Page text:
There was so much going on in this book, but I think it was paced well and each new aspect of the mystery and plot were introduced nicely and without seeming rushed or too much. Knowing the little bit that I know about the series already; it was interesting to see how some of the ideas shared in this book were going to play a part in later books in the series.
I really liked Cinder. She was sassy but awkward. She was extremely insecure about her cyborg parts which was sad but makes me excited to see her grow more confident and happier with who she is. There’s so much potential for character growth and I know it’s coming after learning what we did in the minutes of the book. The things we learned about Cinder have me so excited to finish rereading the series.
Overall, I had a fun time with this audiobook. I’m happy to have found another series that I like the audiobooks for. I can easily get sucked into this series and I can’t wait to reread the rest of the books.
Keep on reading lovelies, Amanda.
Goodreads Summary: Hoping to escape the troubles in her kingdom, Princess Poppy reluctantly agrees to take part in a royal exchange program, whereby young princes and princesses travel to each other’s countries in the name of better political alliances–and potential marriages. It’s got the makings of a fairy tale–until a hapless servant named Eleanor is tricked by a vengeful fairy godmother into competing with Poppy for the eligible prince. Ballgowns, cinders, and enchanted glass slippers fly in this romantic and action-packed happily-ever-after quest from an author with a flair for embroidering tales in her own delightful way.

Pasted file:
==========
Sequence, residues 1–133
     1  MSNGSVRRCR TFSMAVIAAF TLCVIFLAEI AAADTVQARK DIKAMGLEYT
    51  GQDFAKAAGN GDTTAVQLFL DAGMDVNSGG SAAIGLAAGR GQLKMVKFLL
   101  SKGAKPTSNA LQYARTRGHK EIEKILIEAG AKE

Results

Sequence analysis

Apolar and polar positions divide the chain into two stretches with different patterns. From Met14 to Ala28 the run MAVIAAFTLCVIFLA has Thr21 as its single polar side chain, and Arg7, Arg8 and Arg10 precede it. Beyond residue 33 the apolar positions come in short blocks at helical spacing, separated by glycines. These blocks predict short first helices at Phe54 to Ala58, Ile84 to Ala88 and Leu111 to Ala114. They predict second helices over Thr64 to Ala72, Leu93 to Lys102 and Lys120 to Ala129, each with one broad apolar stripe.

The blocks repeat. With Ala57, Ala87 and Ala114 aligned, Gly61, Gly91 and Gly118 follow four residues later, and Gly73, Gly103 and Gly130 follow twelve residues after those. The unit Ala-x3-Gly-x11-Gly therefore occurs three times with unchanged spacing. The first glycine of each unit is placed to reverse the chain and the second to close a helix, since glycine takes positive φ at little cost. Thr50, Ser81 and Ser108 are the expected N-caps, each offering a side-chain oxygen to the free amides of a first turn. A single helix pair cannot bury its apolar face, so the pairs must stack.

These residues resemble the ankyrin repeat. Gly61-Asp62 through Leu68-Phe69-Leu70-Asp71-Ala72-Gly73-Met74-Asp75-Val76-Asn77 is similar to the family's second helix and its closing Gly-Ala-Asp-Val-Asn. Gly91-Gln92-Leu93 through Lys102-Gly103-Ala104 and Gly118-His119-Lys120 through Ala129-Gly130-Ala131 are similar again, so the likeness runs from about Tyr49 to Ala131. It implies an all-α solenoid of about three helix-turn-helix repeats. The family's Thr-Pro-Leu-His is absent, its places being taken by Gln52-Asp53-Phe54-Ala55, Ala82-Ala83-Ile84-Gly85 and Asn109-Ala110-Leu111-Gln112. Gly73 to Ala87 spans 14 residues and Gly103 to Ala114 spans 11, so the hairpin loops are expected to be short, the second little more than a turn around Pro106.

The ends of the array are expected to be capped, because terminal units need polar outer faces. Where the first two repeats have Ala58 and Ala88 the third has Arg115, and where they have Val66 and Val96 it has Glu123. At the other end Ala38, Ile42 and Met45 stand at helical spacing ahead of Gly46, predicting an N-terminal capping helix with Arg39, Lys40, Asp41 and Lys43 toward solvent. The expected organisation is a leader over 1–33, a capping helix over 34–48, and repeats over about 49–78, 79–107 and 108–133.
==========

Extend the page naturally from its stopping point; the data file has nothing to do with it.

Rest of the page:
Jessica Day George has done it again. Princess of the Midnight Ball sucked me in until I couldn’t put it down until I was done and now the same thing has happened with Princess of Glass.
I loved Princess Poppy from the start. She was a strong, quirky, funny character that I grew attached to immediately. I liked the fact that I already knew of Poppy from Princess of the Midnight Ball and was wicked excited to get to know her more in this book.
I also fell in love with Prince Christian immediately. He was a little awkward and shy. He never liked people fawning all over him because he’s a prince and was kind to everyone whether they had a title or not. I liked the fact he and Poppy became friends as soon as they met. He thought she was a little strange but in a good way. It was a nice way to start their relationship.
I loved the secondary characters as well. As I mentioned in my review of Princess of the Midnight Ball (which you can find here), George gives all her characters very distinct personalities. Because of this, I cared about everyone’s lives and what was happening to them instead of just Poppy and Christian.
George’s version of Cinderella was fantastic. It was nothing like any other version I’ve read and it kept me guessing the entire time.
Overall, I loved this book. It was funny, suspenseful and romantic. I would recommend it to anyone who enjoys fairytales and romance. It’s a quick but fun read.
*Please be aware that the book cover on this post is a link to purchase this book through Amazon. Feel free to purchase with our affiliate link (just click on the book cover) to support us!